The Wasserstein Hall, Caspersen Student Center, Clinical Wing building is a model for green building and is part of Harvard Law School’s—and Harvard’s—commitment to reducing environmental impacts and creating healthy buildings. The building is expected to achieve Leadership in Energy and Environmental Design (LEED) GOLD certification from the United States Green Building Council. Below are some highlights of the building's sustainability achievements (click on the image below for a PDF of the illustration).
- The high performance insulated windows are argon-filled with low-emissivity glass. They provide superior insulation in the winter to minimize heat loss and glazing minimizes solar heat gain in the summer.
- Heat recovery devices (“enthalpy wheels”) in the mechanical ventilation system recover excess heat from return air that is normally exhausted outside in the winter, and recover excess cooling from exhaust air during the summer.
- Advanced temperature control includes displacement ventilation in stepped-floor lecture halls. It reduces the energy needed for heating and cooling while controlling classroom temperature quietly and comfortably. Conditioned air is introduced via foot level vents, heats or cools people in the room, then rises to exhaust vents in the ceiling. The result is less heating/cooling energy, less fan energy to move air, fresher air to occupants, and it’s quieter than a typical ventilation system.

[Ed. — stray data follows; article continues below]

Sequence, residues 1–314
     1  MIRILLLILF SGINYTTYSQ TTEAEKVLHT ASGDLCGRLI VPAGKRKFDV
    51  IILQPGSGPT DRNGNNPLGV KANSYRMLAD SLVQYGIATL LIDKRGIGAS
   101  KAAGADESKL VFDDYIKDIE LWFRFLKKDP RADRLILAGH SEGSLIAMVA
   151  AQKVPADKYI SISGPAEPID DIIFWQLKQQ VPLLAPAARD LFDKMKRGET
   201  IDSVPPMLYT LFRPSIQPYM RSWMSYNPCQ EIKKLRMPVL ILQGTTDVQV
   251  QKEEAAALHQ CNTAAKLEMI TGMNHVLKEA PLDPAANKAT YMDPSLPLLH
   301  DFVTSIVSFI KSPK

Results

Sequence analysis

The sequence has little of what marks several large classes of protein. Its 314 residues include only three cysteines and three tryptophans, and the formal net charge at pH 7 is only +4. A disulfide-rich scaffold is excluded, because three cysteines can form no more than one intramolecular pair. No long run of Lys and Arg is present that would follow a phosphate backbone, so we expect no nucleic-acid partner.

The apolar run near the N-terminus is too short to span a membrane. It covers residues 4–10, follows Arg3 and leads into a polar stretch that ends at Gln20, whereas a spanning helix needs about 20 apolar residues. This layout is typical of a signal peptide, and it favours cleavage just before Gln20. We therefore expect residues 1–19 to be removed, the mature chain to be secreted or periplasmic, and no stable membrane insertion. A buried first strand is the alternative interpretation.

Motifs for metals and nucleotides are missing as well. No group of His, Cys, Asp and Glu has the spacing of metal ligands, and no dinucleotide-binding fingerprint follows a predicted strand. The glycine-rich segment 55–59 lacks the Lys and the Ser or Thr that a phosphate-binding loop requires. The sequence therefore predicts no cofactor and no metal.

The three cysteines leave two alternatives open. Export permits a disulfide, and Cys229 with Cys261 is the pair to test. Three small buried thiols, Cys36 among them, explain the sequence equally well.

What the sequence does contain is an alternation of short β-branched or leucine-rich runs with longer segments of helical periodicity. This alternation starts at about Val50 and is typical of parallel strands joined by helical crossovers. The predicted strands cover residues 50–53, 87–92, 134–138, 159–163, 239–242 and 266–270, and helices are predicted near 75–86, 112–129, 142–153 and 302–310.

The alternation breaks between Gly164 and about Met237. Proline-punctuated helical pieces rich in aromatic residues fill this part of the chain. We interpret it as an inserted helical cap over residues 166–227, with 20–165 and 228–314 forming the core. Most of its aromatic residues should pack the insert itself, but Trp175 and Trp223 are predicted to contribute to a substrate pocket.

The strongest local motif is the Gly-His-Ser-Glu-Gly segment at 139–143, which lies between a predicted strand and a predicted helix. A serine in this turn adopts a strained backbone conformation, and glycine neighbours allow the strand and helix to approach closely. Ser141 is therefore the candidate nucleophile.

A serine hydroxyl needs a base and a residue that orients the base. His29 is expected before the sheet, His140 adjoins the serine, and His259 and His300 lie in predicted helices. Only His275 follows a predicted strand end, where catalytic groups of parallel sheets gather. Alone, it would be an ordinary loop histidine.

- Operable windows allow for natural ventilation and access to fresh air.
- Additional insulation in the wall and roof systems reduces heat loss and decreases reliance on energy consuming mechanical systems.
- Daylight sensors save energy by adjusting indoor light levels based on available exterior light.
- Occupancy sensors save energy by automatically turning off lights and adjusting temperature when rooms are empty.
- A “green” roof insulates the building and absorbs water to prevent runoff during rainstorms.
- Rainwater collected from the roof and hardscaped areas is collected in an underground cistern and later used to irrigate the planting beds.
- Dual flush toilets, waterless urinals and low-flow faucets reduce water consumption.
- All wood for millwork is Forestry Stewardship Council-certified, or sustainability harvested, and comes from within 500 miles of Cambridge, Mass.
- Low VOC-emitting adhesives, sealants, paints, coatings, carpet and agrifiber were used.
- No CFCs were used in the building. Refrigerants with low global warming and low ozone depletion potential were used.
- Filtered drinking water dispensers are installed throughout the building to reduce plastic bottle waste.
- After occupancy, a Green Cleaning Program will be implemented, ensuring that only environmentally sustainable cleaning chemicals are used in ongoing building operations.
Last modified: December 09, 2011